News and stories
We are now accepting applications for the second round of the Culture Recovery Fund for heritage organisations in England.
In this video conversation, Uzo Iwobi shares her journey to becoming a Black leader in Wales, and discusses how Black heritage is celebrated within the country.
The wonderful Rochdale Town Hall has been given the green light for a much-anticipated revamp, thanks to £8.3million of National Lottery funding.
This year, not one, but five museums were crowned winners of the Art Fund Museum of the Year Award.
World Mental Health Day falls on 10 October this year, during Black History Month. To mark both occasions, we spoke with a black museum employee to share their experiences within the sector.
We’ve launched a programme in partnership with Windsor Fellowship to help Black, Asian and minority ethnicity (BAME) graduates kickstart their careers.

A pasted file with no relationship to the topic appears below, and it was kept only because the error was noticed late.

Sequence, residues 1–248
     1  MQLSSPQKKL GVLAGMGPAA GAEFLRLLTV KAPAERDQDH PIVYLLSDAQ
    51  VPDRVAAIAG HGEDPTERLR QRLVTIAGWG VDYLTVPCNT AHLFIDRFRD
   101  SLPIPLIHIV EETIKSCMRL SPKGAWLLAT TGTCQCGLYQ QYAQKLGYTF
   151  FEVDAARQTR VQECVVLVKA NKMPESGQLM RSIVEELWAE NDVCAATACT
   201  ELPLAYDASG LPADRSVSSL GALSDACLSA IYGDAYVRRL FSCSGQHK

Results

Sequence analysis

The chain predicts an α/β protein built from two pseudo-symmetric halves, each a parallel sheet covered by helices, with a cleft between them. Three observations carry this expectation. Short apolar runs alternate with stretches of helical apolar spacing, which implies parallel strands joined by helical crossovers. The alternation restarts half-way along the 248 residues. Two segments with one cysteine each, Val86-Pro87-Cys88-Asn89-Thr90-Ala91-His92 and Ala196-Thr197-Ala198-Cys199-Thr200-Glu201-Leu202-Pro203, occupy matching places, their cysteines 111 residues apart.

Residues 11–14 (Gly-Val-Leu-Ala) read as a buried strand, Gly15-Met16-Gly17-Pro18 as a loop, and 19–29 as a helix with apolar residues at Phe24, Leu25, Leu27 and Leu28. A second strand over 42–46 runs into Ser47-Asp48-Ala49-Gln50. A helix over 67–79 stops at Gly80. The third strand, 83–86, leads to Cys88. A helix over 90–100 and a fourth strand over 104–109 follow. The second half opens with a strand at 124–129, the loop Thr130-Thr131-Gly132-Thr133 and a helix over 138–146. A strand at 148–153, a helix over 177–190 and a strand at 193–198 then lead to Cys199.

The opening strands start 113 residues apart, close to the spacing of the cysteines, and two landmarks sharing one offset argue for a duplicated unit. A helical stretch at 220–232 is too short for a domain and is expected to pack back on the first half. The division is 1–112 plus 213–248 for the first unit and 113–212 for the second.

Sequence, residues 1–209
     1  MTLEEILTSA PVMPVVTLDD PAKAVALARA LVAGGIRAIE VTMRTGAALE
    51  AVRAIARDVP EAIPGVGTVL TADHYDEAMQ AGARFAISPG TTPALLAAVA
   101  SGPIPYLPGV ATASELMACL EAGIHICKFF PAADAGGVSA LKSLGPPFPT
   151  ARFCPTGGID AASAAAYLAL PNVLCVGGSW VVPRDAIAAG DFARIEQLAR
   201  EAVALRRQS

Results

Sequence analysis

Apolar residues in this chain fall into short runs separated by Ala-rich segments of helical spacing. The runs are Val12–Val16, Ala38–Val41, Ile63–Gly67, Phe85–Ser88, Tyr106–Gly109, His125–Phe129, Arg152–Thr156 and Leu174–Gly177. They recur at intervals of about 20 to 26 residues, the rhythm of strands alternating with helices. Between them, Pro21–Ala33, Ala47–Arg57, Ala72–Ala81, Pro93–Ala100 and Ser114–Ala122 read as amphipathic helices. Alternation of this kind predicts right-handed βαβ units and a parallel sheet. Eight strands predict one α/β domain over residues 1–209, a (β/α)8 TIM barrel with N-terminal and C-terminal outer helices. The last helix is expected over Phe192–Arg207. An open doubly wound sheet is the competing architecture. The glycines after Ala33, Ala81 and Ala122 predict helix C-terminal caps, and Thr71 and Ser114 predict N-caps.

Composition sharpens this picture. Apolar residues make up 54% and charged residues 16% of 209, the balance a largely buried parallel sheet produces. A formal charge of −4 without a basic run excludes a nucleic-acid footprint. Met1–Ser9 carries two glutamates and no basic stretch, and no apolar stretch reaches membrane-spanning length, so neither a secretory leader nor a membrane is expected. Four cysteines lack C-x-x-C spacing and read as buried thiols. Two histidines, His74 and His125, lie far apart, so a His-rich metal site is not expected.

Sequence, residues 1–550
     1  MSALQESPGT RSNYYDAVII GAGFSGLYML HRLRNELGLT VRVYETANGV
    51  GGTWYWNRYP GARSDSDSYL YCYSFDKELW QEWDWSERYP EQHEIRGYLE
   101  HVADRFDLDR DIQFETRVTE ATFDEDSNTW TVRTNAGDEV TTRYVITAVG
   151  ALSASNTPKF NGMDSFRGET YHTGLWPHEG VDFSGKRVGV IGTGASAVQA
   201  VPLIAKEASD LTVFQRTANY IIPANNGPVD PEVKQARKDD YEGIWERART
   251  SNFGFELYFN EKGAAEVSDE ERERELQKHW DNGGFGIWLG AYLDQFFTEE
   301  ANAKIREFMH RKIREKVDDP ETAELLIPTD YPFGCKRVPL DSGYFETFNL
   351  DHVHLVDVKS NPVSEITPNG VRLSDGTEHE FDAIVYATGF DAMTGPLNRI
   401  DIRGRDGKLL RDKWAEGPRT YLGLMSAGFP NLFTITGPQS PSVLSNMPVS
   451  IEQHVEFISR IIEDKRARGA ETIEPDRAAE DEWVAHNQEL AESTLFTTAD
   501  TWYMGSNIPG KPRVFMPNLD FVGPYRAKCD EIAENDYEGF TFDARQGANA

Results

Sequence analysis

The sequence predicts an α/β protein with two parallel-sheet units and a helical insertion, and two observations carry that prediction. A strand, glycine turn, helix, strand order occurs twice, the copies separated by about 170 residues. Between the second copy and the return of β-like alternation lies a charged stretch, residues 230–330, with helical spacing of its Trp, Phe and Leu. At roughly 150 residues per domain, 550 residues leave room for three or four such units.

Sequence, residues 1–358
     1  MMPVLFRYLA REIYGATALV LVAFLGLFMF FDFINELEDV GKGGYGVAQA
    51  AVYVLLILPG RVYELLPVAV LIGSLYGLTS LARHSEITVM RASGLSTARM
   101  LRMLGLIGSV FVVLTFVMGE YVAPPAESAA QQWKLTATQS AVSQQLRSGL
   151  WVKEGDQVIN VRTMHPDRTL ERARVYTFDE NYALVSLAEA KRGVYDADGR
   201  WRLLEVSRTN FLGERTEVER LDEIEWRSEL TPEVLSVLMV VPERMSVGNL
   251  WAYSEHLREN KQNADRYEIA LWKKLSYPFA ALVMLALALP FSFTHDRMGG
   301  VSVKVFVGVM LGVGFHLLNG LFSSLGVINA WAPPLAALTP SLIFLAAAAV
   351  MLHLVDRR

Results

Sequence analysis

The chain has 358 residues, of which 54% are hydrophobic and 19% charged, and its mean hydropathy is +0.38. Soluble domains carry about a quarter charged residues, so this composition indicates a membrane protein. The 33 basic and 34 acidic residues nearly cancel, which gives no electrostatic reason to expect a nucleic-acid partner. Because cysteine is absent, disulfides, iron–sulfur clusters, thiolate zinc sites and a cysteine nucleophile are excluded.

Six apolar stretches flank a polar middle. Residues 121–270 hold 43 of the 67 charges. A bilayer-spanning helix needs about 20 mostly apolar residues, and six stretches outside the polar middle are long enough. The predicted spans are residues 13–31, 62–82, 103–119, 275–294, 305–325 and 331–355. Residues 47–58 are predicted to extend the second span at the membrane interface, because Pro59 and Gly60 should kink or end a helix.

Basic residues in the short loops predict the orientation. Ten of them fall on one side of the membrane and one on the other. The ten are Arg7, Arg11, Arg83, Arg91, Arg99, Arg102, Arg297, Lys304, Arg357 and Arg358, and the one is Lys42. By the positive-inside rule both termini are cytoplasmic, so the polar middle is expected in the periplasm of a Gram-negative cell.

Thanks to a grant of £214,900, RSPB Northern Ireland can safely reopen some visitor facilities and connect people with the nature on their doorstep.
Queering Spires exhibition honoured for its commitment to sustainability at the Museums + Heritage Awards.
Thanks to a £14.8million grant from The National Lottery Heritage Fund a major new cultural and heritage venue in Plymouth, The Box, is ready to open its doors.
After five months away, volunteers along the banks of the rivers of Scotland’s Forth basin are getting back to work safely thanks to funding from our Heritage Emergency Fund.
After closing completely due to the coronavirus pandemic, Glastonbury Abbey has been able to reopen safely thanks to National Lottery emergency funding.
At The National Lottery Heritage Fund, we are committed to ensuring the greatest possible public, social and economic benefit from the work we fund. Today (16 September) we are updating our licencing requirements to better support that. Use of digital technologies to create opportunities to connect
Birmingham-based Polish Expats Association receive a £30,000 emergency grant to protect heritage in their community space and online.
Built in 1913, Steam Tug Kerne served as a Royal Navy ship in the First World War and is the only remaining operational steam tug of her type in the UK. But the sudden hit of coronavirus (COVID-19) meant the Kerne’s days on the water were numbered. Since her retirement as a working vessel, this coal